The most plausible outcome, however, is that the PNA-the Palestinian parliament and government in Ramallah-will gradually become the main political organ of the Palestinian people as the PLO slowly withers away to become a bureaucratic fossil of limited scope. Abbas’s scramble to endow the PLO with renewed vigor as the official channel for peace discussions with Israel may enjoy temporary success, and if Israel cooperates the PLO may indeed return to the limelight for a while. But in the longer run, its claim to represent the Palestinian people will be met with growing political resistance.
If that does, in fact, come to pass and the balance of power gradually shifts in favor of the PNA, the coming years will witness a silent struggle for authority between the PNA and the PLO, mainly with regard to Palestinian representation abroad and control over funds. The power shift will of necessity lead to less representation for the Palestinian Diaspora, and therefore to it becoming less of a priority for Palestinian negotiators. Though any Palestinian government will surely bring up the issue of refugees as part of any attempt at a negotiated settlement, the main concern of the PNA will be the establishment of a viable state in the West Bank and Gaza.14 Even though a Hamas government is now in charge, in the long run such a development will facilitate negotiations between Israel and the Palestinians.
1) Wafa Palestine News Agency “Israel Should Give Up Claim That There Is No Palestinian Counterpart,” Al-Quds (May 22, 2006). (author’s translation).
2) “Text of Palestinian Prisoners’ Document – National Conciliation Document of the Prisoners – by Marwan Barghouthi, Abdul Khaleq al Natsheh and Coalition of Prisoners,” One Voice (May 26, 2006).
3) For a history of the PLO, see Sayigh, Yezid, Armed Struggle and the Search for State: The Palestinian National Movement, 1949-1993, (Oxford University Press, 1999); and Sela, Avraham and Moshe Ma’oz, eds., The PLO and Israel: From Armed Conflict to Political Solution, 1964-1994, (St. Martin’s Press, 1997). On Nasser and the PLO, see also Aburish, Said K., Nasser: The Last Arab, (Thomas Dunne Books, 2004), pp. 223-25.
4) This was only part of Israel’s strategy. Another goal was to help the mainly Christian Lebanese forces assert their control over the state.
5) Khalidi, Rashid, Under Siege: PLO Decision-making during the 1982 War, (New York: Columbia University Press, 1986), pp. 126-28.
6) “Declaration of Independence,” Palestinian National Authority (Sept. 9, 2001).
7) Sayigh, Armed Struggle and the Search for State, pp. 549-50.
8) He later moved to Damascus, where he is based now.
9) “PLO criticises Hamas’ programme: The Palestine Liberation Organisation has urged Hamas to reconsider its agenda for government, after its sweeping election victory in January,” BBC News (March 22, 2006); and Myre, Greg, “P.L.O. Rejects Proposed Platform of Hamas, Now Set to Take Power,” New York Times (March 23, 2006).
10) “Hamas to ask for parliament confidence despite PLO dispute,” Al Bawaba (March 22, 2006).
11) al Hussaini, Jihane, “Hamas FM Mahmoud al Zahar Talks to Asharq Al-Awsat,” Asharq Alawsat (April 20, 2006).
12) See the Palestinian prisoners’ document referenced in footnote 2.
13) See a MEMRI translation of the highlights of Mahmud Al-Zahhar’s extensive October 2005 interview on www.elaph.com , and of his November 10, 2005 interview to Al-Sharq Al-Awsat: “Hamas Leader in Gaza Dr. Mahmoud Al-Zahar: We’ll Join the Legislative Council – and Keep Our Guns” MEMRI Special Dispatch Series No. 1028 (Nov. 18, 2005). In this interview, conducted several months before the elections, Al-Zahhar, the current Hamas foreign minister, refers to plans for reconstructing the PLO. In fact he is talking about the establishment of a new organization with the same functions:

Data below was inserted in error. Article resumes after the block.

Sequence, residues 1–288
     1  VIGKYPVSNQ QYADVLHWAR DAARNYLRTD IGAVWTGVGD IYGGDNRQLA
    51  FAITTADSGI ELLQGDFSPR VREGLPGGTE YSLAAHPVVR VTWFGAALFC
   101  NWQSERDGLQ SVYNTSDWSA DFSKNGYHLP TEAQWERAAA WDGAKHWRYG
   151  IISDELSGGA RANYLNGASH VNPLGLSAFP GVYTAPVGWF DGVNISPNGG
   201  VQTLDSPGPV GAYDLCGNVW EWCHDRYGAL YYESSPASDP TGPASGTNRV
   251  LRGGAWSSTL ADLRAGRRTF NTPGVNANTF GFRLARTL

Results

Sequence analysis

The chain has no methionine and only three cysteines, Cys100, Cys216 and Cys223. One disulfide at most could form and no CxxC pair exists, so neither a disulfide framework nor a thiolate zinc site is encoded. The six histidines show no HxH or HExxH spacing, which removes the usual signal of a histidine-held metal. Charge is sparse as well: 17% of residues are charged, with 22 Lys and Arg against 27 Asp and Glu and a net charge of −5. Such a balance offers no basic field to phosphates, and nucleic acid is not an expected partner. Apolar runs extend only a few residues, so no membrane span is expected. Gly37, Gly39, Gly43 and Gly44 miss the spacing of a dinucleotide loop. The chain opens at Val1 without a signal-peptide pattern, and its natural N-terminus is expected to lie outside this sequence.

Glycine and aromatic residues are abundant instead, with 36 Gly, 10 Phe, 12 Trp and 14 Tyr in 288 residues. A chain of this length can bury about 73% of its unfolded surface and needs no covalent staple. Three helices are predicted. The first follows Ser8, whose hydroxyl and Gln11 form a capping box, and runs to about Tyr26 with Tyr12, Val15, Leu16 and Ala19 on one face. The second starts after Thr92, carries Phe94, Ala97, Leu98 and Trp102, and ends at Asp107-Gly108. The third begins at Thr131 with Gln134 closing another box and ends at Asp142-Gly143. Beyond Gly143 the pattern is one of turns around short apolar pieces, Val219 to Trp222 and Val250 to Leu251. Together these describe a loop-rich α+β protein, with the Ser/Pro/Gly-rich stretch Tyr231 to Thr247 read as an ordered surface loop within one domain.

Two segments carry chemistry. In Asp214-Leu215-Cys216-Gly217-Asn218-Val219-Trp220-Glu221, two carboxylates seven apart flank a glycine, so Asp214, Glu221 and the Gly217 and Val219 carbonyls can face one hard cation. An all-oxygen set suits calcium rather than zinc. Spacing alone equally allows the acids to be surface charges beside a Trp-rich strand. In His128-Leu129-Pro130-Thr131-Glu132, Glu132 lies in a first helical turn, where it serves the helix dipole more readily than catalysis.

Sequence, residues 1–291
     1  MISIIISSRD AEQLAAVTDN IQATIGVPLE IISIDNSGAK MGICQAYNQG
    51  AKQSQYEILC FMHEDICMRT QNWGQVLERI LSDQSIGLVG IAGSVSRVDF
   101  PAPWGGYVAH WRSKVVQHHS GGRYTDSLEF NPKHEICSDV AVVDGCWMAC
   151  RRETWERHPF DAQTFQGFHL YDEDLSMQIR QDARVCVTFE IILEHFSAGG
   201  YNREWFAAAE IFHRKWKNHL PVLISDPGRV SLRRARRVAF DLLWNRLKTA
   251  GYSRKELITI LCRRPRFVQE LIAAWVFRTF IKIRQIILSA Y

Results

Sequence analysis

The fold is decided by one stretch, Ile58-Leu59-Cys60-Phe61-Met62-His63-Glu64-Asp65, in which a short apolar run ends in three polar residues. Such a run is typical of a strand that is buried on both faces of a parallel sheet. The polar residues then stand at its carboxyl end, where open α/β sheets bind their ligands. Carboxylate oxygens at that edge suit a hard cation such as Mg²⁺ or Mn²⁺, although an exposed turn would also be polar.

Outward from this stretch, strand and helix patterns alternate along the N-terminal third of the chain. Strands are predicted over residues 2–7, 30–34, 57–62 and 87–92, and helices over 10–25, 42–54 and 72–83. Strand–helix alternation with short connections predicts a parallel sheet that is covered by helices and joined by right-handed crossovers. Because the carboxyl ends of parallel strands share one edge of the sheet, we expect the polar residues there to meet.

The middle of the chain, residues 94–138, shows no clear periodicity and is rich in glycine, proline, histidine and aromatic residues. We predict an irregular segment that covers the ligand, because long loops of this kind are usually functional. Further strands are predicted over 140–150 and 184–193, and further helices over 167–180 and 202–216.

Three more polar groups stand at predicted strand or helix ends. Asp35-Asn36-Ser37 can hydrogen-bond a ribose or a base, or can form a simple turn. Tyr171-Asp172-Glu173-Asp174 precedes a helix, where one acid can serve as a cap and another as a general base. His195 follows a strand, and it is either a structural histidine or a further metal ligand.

Question: “You are agreeing to join the PLO. However, the PLO recognizes Israel, and is bound to it in agreements known as the Oslo Accords, which you have opposed. What will your position on this matter be if you join the PLO? Are you planning a coup in the PLO?”
Al-Zahar: “True, we want to join the PLO – but on the basis of a new program, not of the Oslo program and the agreements. [We want] a program that will enable true representation for Hamas in the PLO, not marginal representation… As for the coup, there will be a revolution in thought and in method – because right now the PLO is a dead body, and you don’t carry out a coup/revolution against the dead. But we will revive this organization by means of new programs and methods.”
See also Wild Abah, Sayyed, “The Palestinian Crisis: The Need for an Alternative to the PLO,” Asharq Alawsat (May 2, 2006); and “Zahhar refuses to take part in same international meeting as PLO’s Al-Qaddoumi” Ma’an News Agency (May 30, 2006).
14) Mr. Qaddoumi, who is obviously worried about exactly such a development, declared in a recent interview with Asharq Alawsat: “Europe and the United States wanted the PA to be the sole legitimate representative (of the Palestinian people) instead of the PLO, which carries the name of Palestine at the United Nations. The purpose was considering only the Palestinian people in the West Bank and Gaza Strip and not abroad. This means denial of the existence of Palestinian refugees, but these attempts failed in the elections.” al Ghawi, Razzuq, “Interview with the PLO’s Faruq Qaddumi,” Asharq Alawsat (May 30, 2006).
Dror Ze’evi is former chair of the Department of Middle East Studies and of the Chaim Herzog Center for Middle East Studies and Diplomacy at Ben Gurion University. His books include An Ottoman Century: The District of Jerusalem in the 1600s (SUNY Press, 1996) and Producing Desire: Changing Sexual Discourse in the Ottoman Middle East, 1500-1900 (California University Press, 2006).